Rosegrant highlights the power of water during Heuermann Lecture at UNL
LINCOLN, Neb. — As the global population continues to boom, demanding increased food production, it’s crucial for society to implement effective and efficient water-management practices.
Mark Rosegrant, research fellow emeritus at the International Food Policy Research Institute, spoke on this topic during the University of Nebraska–Lincoln’s final Heuermann Lecture of the 2018-19 season April 30 at Nebraska Innovation Campus.
“The power of water in addressing food security and nutrition is that it contributes through many pathways,” Rosegrant said.
One of the pathways he examined was irrigation and how it can contribute to increased food production and farm income, while reducing risk through improved resilience against weather variability. Another pathway critical to achieving food security and nutrition goals is a high-performing water, sanitation and hygiene sector. Water pollution and water quality are currently the largest inhibitors of this sector. Water pollution affects human nutrition, health, economic development and the environment, whereas poor water quality leads to increased competition among water users for shrinking supplies of unpolluted water.
“There are billions still without access to safe drinking water, adequate hygiene and sanitation,” Rosegrant said.
With a doctorate in public policy from the University of Michigan, Rosegrant has extensive experience researching and analyzing policy related to agriculture, economic development and the world’s future food security. He focuses on water resources and other issues that influence rural livelihoods and environmental sustainability. Rosegrant is the author or editor of 15 books and more than 100 refereed papers in agricultural economics, water resources and food-policy analysis. He has won numerous awards and is a fellow of the American Association for the Advancement of Science, and the Agricultural and Applied Economics Association.
Rosegrant’s key strategies to address water and food security included new technologies; water governance; trade policy; movement toward more balanced diets; and water rights.
“Water rights are a cornerstone of efficient and equitable water management, empowering users by requiring consent and awarding compensation for reallocation,” Rosegrant said.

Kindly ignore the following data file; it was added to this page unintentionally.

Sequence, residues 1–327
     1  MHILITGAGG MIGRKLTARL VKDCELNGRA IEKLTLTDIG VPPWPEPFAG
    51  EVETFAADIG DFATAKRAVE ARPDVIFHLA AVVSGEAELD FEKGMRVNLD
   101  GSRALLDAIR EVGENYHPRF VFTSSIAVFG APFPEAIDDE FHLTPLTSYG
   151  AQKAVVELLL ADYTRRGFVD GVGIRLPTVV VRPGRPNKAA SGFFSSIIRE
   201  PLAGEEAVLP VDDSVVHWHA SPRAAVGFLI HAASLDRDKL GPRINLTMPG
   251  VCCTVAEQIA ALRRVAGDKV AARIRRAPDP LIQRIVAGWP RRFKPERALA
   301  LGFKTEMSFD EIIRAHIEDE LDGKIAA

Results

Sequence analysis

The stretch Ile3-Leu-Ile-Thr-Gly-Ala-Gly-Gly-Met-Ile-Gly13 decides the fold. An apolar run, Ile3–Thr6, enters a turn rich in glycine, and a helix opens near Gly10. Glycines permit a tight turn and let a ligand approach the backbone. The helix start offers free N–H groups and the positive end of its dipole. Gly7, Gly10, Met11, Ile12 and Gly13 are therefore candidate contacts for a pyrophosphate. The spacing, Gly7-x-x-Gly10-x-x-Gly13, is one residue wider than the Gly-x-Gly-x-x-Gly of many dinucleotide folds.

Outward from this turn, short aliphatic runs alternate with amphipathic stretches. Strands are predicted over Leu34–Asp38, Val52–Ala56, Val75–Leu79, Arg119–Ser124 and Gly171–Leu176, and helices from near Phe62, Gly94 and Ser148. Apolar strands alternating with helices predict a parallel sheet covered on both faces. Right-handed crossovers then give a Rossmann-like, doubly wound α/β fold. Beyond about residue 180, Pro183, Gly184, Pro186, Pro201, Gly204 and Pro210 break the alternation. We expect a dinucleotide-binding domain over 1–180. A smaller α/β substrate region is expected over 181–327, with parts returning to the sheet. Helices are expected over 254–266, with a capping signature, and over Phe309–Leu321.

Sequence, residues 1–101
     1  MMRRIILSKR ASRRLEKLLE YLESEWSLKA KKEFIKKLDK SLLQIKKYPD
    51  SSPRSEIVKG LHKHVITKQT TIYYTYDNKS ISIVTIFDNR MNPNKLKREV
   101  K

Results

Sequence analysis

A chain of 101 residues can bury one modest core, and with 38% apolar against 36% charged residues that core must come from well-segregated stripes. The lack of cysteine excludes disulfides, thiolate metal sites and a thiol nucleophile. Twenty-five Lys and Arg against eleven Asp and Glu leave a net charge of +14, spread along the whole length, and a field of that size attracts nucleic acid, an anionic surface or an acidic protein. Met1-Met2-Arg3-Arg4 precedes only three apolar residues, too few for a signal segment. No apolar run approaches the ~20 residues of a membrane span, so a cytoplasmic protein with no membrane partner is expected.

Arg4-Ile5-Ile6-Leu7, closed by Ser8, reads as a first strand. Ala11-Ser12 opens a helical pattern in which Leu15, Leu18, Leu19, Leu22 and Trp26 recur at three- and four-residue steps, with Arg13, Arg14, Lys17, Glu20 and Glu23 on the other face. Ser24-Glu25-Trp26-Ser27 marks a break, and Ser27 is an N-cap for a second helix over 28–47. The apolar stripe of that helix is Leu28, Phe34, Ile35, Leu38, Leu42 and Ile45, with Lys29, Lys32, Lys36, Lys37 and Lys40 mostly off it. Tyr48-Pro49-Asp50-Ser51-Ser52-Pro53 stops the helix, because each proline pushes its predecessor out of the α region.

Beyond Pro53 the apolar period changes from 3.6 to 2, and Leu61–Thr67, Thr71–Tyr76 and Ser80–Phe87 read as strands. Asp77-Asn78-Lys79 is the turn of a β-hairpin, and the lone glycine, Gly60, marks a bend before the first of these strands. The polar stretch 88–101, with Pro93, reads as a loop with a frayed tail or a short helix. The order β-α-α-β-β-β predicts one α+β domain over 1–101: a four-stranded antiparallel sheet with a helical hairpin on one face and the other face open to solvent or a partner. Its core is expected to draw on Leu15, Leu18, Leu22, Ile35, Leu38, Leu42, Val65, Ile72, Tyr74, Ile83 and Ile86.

He said water rights are best defined as the perpetual right to share all allocations made in a river basin or system.
Also included in Rosegrant’s strategies is the need for increased support of agricultural research and development. He specifically called for interdisciplinary research at the nexus of water, food and nutrition, referencing the promising work occurring at the University of Nebraska–Lincoln.
“We should use the great expertise here at land-grant institutions and other educational opportunities to enhance research and development of solutions,” he said.
The lecture was held in conjunction with the Water for Food Global Conference, which explored the next generation of research, smart technology, policy development and best practices that are achieved breakthroughs in water and food security. The two-day conference brought together 350 participants from 15 countries. It was hosted by the Daugherty Water for Food Global Institute at the University of Nebraska.
Heuermann Lectures are funded by a gift from B. Keith and Norma Heuermann of Phillips. The Heuermanns are longtime university supporters with a strong commitment to Nebraska’s production agriculture, natural resources, rural areas and people.
Lectures are streamed live at http://heuermannlectures.unl.edu and air live on campus channel 4. They are archived after the event and later air on NET2 World. ❖
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